Math and Science
Bachelor of Science in Geology
Tom Taylor earned a Bachelor of Science in Geology from Winona State University in 1977, and he followed that up with a Master of Science and a Doctorate in Geology from Michigan State University. After Taylor graduated, he worked as a researcher for Shell, and he said the job gave him the opportunity to travel around the world. It was grueling, but well worth it, Taylor said. He retired after 29 years with Shell and he now works as a consultant.
Why did you choose your major?
I grew up in a farm near a town of 450 people, not far from Minneapolis. It was kind of a Huckleberry Finn thing, running outside and all that stuff. I started out as an undergraduate going into a business degree, and I found it kind of boring and I wanted to do something outdoors. I took a class from a professor who studied the Mississippi River; it was a conservation course and in it, he told our class about the work he did. It sounded interesting, so I took some geology classes and I found it really neat that you could be outside and you could think about the natural process of how those things formed and the enormity of geological time. That kind of got me hooked, and after I graduated, I pursued my master’s degree.
What did you like about the experience?
Thinking as a younger person back then, you’re sort of out there learning your own abilities. The professors encouraged us if we were getting good grades. They were engaging us a lot. The ability to go in the office hours and see the professor and have that personal link was really instrumental. The combination of what I told you before and having mentors that encouraged you made it a good experience.
What did you dislike about it?
It’s a tough industry. I had a great career at Shell, but it wasn’t always great. We went through the tough economic times in the late 1980s and 1990s. It’s a double-edged sword because when things are good, they treat you well and when they aren’t, you’re treated as a commodity and you’re shown the door in a heartless way. I don’t have any complaints about geology itself. I’m still very interested and fascinated by it. As a career, you sometimes feel undervalued and slapped around in the corporate world.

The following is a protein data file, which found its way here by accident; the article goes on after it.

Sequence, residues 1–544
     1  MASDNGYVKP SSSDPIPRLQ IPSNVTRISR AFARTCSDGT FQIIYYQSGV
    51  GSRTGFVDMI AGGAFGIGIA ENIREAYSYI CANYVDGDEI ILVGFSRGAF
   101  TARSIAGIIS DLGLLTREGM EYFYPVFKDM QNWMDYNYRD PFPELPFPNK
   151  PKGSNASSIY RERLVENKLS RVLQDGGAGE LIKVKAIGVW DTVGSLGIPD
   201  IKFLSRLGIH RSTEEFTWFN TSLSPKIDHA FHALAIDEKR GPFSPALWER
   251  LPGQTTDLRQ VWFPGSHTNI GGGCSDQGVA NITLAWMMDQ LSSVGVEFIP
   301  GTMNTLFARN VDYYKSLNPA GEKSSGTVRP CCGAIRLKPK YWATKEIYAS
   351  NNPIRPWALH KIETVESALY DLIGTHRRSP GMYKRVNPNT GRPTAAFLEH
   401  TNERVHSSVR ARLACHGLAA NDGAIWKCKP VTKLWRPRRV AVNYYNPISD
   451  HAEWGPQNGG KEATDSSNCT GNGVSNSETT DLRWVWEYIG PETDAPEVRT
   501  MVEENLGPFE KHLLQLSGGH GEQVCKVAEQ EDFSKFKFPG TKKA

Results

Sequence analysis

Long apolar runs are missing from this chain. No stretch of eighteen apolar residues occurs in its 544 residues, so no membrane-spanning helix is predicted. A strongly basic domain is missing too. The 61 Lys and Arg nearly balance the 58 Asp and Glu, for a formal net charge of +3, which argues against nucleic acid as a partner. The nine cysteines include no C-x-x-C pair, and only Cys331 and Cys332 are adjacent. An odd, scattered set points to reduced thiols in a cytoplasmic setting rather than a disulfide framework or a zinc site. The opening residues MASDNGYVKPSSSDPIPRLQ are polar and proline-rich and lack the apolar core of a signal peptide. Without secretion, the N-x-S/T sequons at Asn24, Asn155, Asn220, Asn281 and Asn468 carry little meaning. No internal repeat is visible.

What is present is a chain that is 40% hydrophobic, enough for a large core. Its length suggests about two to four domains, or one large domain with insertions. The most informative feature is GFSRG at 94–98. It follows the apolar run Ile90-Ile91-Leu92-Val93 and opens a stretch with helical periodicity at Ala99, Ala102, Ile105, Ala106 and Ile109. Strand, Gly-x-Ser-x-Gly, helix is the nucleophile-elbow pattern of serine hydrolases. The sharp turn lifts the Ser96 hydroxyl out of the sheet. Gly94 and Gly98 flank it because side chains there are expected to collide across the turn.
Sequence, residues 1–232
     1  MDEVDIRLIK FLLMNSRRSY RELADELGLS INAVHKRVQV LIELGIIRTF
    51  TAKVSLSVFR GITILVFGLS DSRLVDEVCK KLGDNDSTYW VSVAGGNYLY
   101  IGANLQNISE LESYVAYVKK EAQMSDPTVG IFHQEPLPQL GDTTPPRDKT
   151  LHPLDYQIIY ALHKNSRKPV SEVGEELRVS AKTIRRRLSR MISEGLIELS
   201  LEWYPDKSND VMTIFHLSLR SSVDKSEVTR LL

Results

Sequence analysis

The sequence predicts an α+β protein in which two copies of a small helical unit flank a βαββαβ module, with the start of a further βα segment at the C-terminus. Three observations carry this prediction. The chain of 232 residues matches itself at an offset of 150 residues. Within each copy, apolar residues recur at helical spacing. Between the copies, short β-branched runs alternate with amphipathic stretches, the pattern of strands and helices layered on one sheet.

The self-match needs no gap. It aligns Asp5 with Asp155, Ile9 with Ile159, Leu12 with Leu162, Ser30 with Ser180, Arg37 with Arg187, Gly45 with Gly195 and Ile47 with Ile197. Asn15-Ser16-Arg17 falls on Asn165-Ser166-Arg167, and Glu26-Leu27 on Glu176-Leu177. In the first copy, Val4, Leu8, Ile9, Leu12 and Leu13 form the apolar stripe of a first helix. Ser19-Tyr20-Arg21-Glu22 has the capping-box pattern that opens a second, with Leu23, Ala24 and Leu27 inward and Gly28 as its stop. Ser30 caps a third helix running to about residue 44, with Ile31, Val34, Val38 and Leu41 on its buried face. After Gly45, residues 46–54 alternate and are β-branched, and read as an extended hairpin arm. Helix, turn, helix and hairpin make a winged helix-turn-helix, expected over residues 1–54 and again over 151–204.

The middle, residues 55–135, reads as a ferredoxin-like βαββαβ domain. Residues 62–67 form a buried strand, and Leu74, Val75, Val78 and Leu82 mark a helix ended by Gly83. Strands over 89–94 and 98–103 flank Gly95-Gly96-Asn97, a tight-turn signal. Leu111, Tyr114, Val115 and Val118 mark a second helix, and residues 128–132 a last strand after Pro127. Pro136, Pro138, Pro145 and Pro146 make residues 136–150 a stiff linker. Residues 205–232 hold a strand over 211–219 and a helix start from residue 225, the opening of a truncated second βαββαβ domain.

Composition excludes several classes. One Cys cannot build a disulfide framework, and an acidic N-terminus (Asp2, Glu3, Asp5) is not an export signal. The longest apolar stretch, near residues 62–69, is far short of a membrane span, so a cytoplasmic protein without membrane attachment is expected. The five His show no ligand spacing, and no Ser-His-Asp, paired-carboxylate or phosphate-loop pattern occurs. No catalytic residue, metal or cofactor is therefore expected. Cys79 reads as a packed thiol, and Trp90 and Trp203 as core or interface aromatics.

How has it impacted your career?
It has impacted it a lot, actually. I think one thing is it opens your eyes to how natural resources and all these things are so involved in many issues in society. It influenced the career I’m having, but it gave me a different perspective as well. I’m still on the board of directors for the Winona State Foundation, where we raise money for scholarships, and I’m involved with Michigan State.
What skills from your degree do you still use?
Quite a few of them, actually. But I know it’s not the case for a lot of people. I think in graduate and undergraduate, the idea that you needed to push yourself and be organized, to be on top of things instead of catching up all the time, and I think that’s served me well in the industry. Being organized and learning to prioritize things, like what matters in what you’re doing and just the idea that a good scientific method is how to make logical decisions, whether they’re scientific or business related. I think my college training really helped me with that. Specifically, I do still do a lot of microscopy. The data that we get from there to make computer models — those are the things I still use today.
What advice would you give prospective students?
I would say with the world population increasing and the natural resources, whether they’re oil and gas, climate issues, or natural issues, earth scientists will make a big difference in these things. You don’t have to be stuck to one industry or another. When I was an undergraduate, we had this a lot — that because there was such a big boom in the oil industry, there were people who were gravitating toward [geology] because it offered a big paycheck. But you have to find something that really inspires you, or else you’ll be miserable in the long run. If you’re doing it because you think it’s all going to be all gold and breadfruit, [it's going to be tougher to deal with] your ups and downs. But if it’s what you’re passionate about, it’s a good thing to go after.